James Lovelock’s Gloomy Vision

This does not seem to me an unreasonable conclusion, I must admit. Consider Biosphere II. This was a sealed greenhouse in the Arizona desert, an attempt to create a managed, self-contained biosphere. A very humbling effort it turned out to be, all in all. Biological control proved to be completely out of reach. Several species of birds were introduced into the system, based on rational design of ecological balance, and all of them went extinct. The only birds that flourished in BII were a local species that invaded the structure while it was under construction that they never managed to eradicate. Ants and cockroaches became so abundant in BII that the biospherians took to sucking them up into vacuum cleaners and feeding them to their domesticated chickens. Geochemically, the oxygen concentration plummeted and nitrous oxide rose, until the structure became uninhabitable.

At this point in the book, about half-way through, Lovelock diverts from the question of our impending doom into various other, much smaller issues like whether nitrates in food are really bad for you. It felt surreal, like the serving staff on the Titanic arguing about whether a time card had been properly punched or not. Lovelock uses this material to make the point that people worry about all the wrong stuff. OK, that’s a legitimate point, but I was left wishing for some discussion of what shape the catastrophe might take.

Based on the experiences of the Biospherians, I would imagine that the wildest instabilities might be biological. We can cope with bacteria, at least better than humankind could back in the days of the Black Death in Europe, but bacteria are adept at evolving defenses to our chemical weapons, and viruses are much more difficult to attack. A new plague would spread globally, much faster than it did in the middle ages. A biological collapse might be attributable to human overpopulation, or monoculture agriculture, perhaps more so than to climate change.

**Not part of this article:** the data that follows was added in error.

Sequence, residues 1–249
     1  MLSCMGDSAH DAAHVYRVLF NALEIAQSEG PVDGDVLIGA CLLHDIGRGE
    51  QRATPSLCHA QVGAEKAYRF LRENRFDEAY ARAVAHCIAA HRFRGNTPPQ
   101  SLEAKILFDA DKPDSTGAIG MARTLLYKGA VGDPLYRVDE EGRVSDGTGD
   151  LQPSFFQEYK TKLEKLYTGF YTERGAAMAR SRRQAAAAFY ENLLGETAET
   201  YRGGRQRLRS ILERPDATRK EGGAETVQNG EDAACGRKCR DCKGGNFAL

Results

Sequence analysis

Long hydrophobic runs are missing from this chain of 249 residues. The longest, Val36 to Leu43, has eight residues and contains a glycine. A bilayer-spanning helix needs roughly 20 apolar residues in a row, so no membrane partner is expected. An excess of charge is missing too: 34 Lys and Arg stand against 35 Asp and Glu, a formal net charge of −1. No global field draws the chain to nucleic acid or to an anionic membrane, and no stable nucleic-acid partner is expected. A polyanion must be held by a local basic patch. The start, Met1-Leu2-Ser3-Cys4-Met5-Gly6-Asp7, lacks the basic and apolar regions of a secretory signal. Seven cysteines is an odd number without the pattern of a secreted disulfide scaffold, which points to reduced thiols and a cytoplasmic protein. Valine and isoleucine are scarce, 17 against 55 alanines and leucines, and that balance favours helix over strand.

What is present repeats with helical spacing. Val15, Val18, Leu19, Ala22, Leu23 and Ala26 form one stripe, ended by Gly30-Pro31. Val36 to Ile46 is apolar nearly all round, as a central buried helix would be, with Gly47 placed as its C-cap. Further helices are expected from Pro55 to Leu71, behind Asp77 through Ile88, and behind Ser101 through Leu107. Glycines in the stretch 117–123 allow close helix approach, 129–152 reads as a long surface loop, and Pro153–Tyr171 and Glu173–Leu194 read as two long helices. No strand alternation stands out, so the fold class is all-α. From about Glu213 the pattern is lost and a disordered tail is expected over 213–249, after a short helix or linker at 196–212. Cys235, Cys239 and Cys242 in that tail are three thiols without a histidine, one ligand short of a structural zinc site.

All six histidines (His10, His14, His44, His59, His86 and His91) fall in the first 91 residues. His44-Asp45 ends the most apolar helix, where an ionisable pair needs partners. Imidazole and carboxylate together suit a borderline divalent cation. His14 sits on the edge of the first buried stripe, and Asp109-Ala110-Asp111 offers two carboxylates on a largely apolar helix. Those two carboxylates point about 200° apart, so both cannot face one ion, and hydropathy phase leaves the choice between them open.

Geochemically, I could imagine the chemistry of the atmosphere shifting to a new equilibrium, in which (say) carbon monoxide could suddenly rise up to harmful levels. The oxidation chemistry of the atmosphere has been altered in all different directions by human emissions of organic compounds, nitrogen compounds, and methane. No one understands why the lifetime of methane in the atmosphere is as stable as it appears to been over the past decades. Surprises could lurk here.

Methane hydrates seem dangerous, because there is so much methane. If all of the hydrates were to melt within a few years, we would have a methane spike in the atmosphere that would be catastrophic, because methane is such a powerful greenhouse gas. But it seems more likely that the hydrates would melt slowly, over centuries and millennia. If that is the case, the climate impact might be comparable to fossil fuel CO2 combustion. It could double the human climate impact, but probably not make it 10 times worse or anything like that.

Physically, there have been abrupt climate changes in the past, which we are just beginning to figure out. Transitions between stable climate states may be sudden. Some transitions are driven by sharp changes in physical properties of substances like water. There is a sharp boundary between a stable and a runaway greenhouse effect, because of the sharp phase boundary between water vapor and liquid. Abrupt climate changes in the glacial North Atlantic may have been amplified by freezing of sea ice. Dynamical systems may also change states quickly. Ocean circulation seems to have multiple configurations, also apparently generating abrupt glacial North Atlantic climate changes. The dynamical balance in hurricanes on earth is between latent heat and wind friction with the ground, but if the pressure dropped low enough, ground friction fails as a regulator and a new beast, called a “hypercane”, could arise [Emanuel et al., 1995]. No one is suggesting that hypercanes will arise on Earth, but this is an example of a sharp transition in a dynamical system. It would be extremely difficult to forecast abrupt climate changes such as this for the future.

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